"It was mind-numbing!" recalled Stan Scislowski, of the Canadian 11th Infantry Brigade, of the Allied barrage against the Senger Line south of Anzio at 6am on 23 May 1944. He is one of many witnesses who bring alive James Holland's history of the last year of the war in Italy. Interviews with veterans, hours trawling through the archives at the Imperial War Museum and the WWII Experience Centre at Leeds, weeks spent walking the battlefields (Holland is a badged member of the respected Guild of Battlefield Guides), mixedd with the German point of Italian Campaign, has produced a great work.
Monte Cassino: Italy pays tributes to Indian World War II soldiers
In a rare gesture, tributes were paid to 5,782 Indian soldiers who laid down their lives fighting for Italy against fascist forces. The ceremony was held for the first time since 1945 at Monte Cassino (the scene of the most fierce battle of the Italian campaign on the Gothic Line of defence of the German army) to honour Indian soldiers. In all 50,000 Indian troops had fought for freedom in Italy. Almost 50% of them were injured in the war. Out of 20 Victoria Cross decorations given for bravery during the war in Italy, Indian soldiers won 6. The story of their bravery is still talked about in Italian cities and villages that they helped to liberate.
The Day of Battle: War in Sicily and Italy 1943-1944 (WWII book review)
After chasing Erwin Rommel and Wehrmacht out of North Africa in May 1943, Allied commanders needed to decide what to do next as Operation Overlord could not be undertaken until 1944. In "The Day of Battle" Rick Atkinson shows how Field Marshal Albert Kesselring occupied high ground, bloodying the enemy and then retreating to next mountain citadel. "The Tommies will have to chew their way through us, inch by inch," a German paratrooper wrote. Ortona and Monte Cassino were little Stalingrads with house-to-house fighting. Malaria and breakdowns took thousands off the battlefield. Misguided strategy and bickering among Allied generals also took a toll.
Battle of Monte Cassino tribute to World War II Gurkha soldiers
Military buffs of the North East Hobby Militia group are climbing Helvellyn to re-enact the fight to hold a hilltop position during the Battle of Monte Cassino in Italy, 1944. Despite suffering heavy losses a Gurkha battalion held Hangman's Hill for 16 days against a German division. Members will climb the 950m summit on 21 July carrying 2 wooden period ammunition boxes to raise cash for the Gurkha Welfare Trust. "We have been shocked by how little support the welfare trust is given, even though the force has served in almost every major conflict of the 20th Century and has 13 Victoria Crosses to its credit."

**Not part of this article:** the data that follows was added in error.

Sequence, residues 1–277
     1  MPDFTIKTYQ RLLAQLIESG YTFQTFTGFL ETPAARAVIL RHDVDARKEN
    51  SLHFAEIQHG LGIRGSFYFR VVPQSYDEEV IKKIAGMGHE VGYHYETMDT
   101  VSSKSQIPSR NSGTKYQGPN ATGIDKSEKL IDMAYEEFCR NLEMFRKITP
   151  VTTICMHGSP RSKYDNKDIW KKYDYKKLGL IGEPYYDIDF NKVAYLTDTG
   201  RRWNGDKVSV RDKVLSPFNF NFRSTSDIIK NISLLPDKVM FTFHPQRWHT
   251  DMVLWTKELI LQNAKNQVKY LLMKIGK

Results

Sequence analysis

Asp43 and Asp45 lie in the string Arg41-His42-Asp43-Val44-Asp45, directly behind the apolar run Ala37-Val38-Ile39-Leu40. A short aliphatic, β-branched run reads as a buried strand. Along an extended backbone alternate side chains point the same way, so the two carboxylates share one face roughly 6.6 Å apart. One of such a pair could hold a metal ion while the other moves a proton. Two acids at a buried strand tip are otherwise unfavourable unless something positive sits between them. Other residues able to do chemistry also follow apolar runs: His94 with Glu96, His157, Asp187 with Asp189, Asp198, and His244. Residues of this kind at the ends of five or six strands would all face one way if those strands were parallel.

Kiwi tank men came close to success at Cassino in World War II (Article no longer available from the original source)
Ron Crosby's book "Albaneta; Lost Opportunity at Cassino" details a little-known opportunity for C Squadron of the 20th Armoured Regiment to launch a surprise attack on the Germans, and seize the monastery on Monte Cassino. The reason Operation Revenge was not successful was because the tanks were not supported by infantry and armour. "There is no doubt that the Germans were initially taken by surprise, but without the infantry they (the tanks) were a sitting duck." The C Squadron tanks, with the aid of the 4th Indian Division, managed to build a road that would carry battle tanks to a strategic position overlooking enemy-held territory.
One of just six Royal Navy commandos to survive a bloody battle
A hero who was among just 6 Royal Navy commandos to survive a bloody World War II battle has died. Ken Hatton risked his life during the invasion of Elba in June, 1944. The commandos' motto was First In, Last Out, because they were first onto the beaches in battle and the last to leave. His best friend was killed next to him during fighting which raged on the Italian island as Allied troops battled for control of the German stronghold. The commandos seized a Nazi gun-boat protecting Elba's beaches. But back-up forces failed to arrive on time and scores of commandos and POWs were killed in an explosion as the Germans fought back.
A heavy weapons platoon in the World War II
One of the scariest times for Hubert "Hube" Wolfe was when the Liberty Ship that he was on broke down and was left behind by the convoy - just when German U-Boats were operating in Wolf packs. It spent 3 days alone. Fortunately, the ship made it. He was assigned to the parachute regiment 504th and loaded up on LCIs (Landing Craft Infantry) landing at Anzio. They did not get a lot of fire from the beach but were attacked by Messerschmidt 109s and the Stuka Dive Bombers. What was worst was the German 35-pound, high-explosive rockets. Called Screaming Meemies, they were fired in groups of 6 with a sound that he will never forget.